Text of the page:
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Prestigious Address For The Graves

Le Pere Lachaise is a beautiful and historic cemetery. For a grave-hunter, it is a vital stop on a trip through Paris. It is most probably the worst-laid-out cemetery. But, in spite of the frustrating layout, it is an amazing place to visit. The Cimitière du Père Lachaise, which occupies 44 hectares on the eastern border of Paris, is one of the city’s less noticeable attractions, yet features on many a visitor’s itinerary. The cemetery is named after the Jesuit priest Père François de la Chaise, who was confessor to Louis XIV.

It became the most prestigious burial ground in the whole of the city, due to its location and royal connections. Created on the orders of Napoleon in 1804 by the famous architect Alexandre Broignart its design is based on that of an English park and features not only many large trees, but also sculptures and monuments by illustrious French artists. Some 70,000 graves adorn the site, with famous names including writers, such as Molière, La Fontaine, Honoré de Balzac and Oscar Wilde, singers Edith Piaf and Maria Callas, composer Frédéric Chopin and impressionist painter Camille Pissarro. Jim Morrison’s grave invariably attracts the most attention, despite attempts by the authorities to discourage the cult atmosphere that can threaten to disturb the otherwise respectful ambience. Père Lachaise is the largest green space in Paris and the peaceful surroundings make it a popular place to escape the bustle of the city.

The gravesites at Père-Lachaise vary from a simple, unadorned headstone to towering monuments and even elaborate mini chapels dedicated to the memory of a well-known person or family. A lot of the tombs are about the size and shape of a phone booth, with just adequate space for a mourner to step inside, kneel to say a prayer, and leave some flowers. It’s a beautiful and tranquil place-full of history and death, yet somehow strangely uplifting. The cemetery manages to compress an increasing number of bodies into a restricted and already crowded space. One way it does this is by combining the remains of multiple family members in the same grave. At Père-Lachaise, it is not uncommon to reopen a grave after a body has decomposed and add another one. Some family tombs contain dozens of bodies, often in several separate graves. Although the tombs of Père-Lachaise date back as far as 200 years, they are not all equally well maintained. Each family or estate is in charge for the upkeep of its own monuments, and while a few are in excellent condition even after centuries, many have not been touched in decades. So it is very common to see tombs that have collapsed or otherwise fallen into disrepair.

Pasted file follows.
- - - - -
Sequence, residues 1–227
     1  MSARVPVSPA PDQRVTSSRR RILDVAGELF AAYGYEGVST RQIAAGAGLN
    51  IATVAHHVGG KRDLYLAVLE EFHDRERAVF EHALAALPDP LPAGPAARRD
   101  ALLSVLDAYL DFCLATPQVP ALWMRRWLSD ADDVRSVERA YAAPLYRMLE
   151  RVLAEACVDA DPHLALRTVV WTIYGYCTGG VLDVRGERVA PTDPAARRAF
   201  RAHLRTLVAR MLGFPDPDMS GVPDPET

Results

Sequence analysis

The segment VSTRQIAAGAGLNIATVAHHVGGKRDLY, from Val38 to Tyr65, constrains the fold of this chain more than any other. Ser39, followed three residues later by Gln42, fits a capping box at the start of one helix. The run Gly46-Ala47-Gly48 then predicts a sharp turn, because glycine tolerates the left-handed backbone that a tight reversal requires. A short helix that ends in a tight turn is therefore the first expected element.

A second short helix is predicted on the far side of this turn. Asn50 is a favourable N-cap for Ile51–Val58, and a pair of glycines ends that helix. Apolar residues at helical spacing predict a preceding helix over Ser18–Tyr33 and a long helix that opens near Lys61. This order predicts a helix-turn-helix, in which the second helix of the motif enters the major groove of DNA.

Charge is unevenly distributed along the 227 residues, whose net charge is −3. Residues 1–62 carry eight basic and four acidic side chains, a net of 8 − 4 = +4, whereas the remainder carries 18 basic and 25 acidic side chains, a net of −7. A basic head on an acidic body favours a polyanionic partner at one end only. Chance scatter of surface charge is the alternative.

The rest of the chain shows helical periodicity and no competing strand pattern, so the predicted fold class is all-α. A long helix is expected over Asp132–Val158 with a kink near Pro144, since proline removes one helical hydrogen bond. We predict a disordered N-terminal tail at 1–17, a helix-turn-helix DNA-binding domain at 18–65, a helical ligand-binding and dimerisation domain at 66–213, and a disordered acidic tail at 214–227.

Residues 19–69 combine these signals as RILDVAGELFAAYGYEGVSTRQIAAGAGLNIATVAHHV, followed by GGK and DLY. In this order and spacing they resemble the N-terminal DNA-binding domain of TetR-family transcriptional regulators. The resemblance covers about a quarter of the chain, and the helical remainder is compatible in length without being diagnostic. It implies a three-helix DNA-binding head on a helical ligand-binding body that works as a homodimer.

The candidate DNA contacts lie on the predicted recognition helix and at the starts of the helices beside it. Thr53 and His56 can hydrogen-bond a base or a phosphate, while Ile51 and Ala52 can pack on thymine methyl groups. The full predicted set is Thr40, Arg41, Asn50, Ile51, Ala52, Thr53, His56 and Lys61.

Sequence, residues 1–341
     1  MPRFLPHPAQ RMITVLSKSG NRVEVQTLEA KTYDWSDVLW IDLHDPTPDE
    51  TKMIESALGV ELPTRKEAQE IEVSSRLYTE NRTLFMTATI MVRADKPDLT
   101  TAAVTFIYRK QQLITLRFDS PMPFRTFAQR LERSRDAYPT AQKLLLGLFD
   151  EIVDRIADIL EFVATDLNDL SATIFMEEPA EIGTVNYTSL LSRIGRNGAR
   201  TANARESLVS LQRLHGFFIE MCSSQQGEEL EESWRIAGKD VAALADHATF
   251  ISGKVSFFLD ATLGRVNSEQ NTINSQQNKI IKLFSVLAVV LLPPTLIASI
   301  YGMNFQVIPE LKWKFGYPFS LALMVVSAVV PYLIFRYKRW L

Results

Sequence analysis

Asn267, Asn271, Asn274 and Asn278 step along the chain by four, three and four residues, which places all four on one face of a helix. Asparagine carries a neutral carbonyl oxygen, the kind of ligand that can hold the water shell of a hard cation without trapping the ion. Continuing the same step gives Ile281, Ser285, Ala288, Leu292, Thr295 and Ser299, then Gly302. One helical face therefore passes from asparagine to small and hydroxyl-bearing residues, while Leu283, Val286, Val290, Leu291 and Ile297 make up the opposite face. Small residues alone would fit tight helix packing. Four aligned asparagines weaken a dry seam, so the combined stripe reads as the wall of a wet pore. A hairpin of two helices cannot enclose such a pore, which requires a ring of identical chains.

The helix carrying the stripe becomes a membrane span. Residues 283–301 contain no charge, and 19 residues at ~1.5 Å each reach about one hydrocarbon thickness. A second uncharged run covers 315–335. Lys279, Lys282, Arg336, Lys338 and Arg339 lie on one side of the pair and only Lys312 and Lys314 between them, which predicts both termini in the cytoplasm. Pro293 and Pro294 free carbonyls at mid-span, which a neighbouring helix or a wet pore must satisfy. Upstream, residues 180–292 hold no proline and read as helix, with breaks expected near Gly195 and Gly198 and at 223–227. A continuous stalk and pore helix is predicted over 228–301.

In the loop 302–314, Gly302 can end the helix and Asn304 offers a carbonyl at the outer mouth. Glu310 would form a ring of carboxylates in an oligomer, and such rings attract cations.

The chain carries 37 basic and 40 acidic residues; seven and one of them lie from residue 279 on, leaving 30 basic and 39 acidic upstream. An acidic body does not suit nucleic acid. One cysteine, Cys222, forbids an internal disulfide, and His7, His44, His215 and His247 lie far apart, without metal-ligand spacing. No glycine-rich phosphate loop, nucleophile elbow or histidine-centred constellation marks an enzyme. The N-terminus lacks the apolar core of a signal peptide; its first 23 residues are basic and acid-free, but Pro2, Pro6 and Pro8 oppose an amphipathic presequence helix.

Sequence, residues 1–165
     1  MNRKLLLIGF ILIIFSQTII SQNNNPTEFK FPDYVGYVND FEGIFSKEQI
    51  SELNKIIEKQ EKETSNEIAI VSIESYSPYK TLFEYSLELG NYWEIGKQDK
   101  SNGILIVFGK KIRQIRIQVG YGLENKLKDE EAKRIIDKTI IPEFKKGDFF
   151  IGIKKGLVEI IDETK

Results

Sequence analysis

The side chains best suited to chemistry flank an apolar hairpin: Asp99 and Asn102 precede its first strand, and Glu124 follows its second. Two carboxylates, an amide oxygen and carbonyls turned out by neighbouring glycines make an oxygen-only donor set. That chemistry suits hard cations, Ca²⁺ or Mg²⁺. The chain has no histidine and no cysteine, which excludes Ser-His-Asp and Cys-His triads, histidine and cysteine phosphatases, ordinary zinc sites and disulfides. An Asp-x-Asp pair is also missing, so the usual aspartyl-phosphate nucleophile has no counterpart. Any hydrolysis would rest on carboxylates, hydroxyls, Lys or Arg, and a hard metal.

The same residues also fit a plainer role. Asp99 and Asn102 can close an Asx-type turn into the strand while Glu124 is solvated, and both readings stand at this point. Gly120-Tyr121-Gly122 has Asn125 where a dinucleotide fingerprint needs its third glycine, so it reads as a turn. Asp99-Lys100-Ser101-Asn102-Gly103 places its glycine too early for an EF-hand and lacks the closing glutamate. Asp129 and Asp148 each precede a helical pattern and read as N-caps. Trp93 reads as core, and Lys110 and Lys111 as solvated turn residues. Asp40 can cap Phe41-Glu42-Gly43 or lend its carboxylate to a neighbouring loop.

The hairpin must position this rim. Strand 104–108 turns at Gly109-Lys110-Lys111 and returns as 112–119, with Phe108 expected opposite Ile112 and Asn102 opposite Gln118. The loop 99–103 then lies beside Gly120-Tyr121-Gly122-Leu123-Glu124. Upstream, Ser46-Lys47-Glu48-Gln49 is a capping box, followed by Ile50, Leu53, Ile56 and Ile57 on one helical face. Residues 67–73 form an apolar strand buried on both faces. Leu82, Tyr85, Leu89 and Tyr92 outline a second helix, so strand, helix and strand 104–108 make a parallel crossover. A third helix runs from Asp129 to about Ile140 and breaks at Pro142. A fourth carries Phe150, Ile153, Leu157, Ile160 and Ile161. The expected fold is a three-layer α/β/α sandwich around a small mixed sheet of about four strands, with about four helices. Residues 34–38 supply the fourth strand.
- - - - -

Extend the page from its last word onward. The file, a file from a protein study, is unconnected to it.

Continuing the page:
Often the engravings are completely worn away, making it impossible to tell who was buried there or when; maps of the cemetery show only the most famous occupants. In recent times, Père-Lachaise has adopted a standard practice of issuing 30-year leases on gravesites, so that if a lease is not renewed by the family, the remains can be removed, space made for a new grave, and the overall deterioration of the cemetery minimized.


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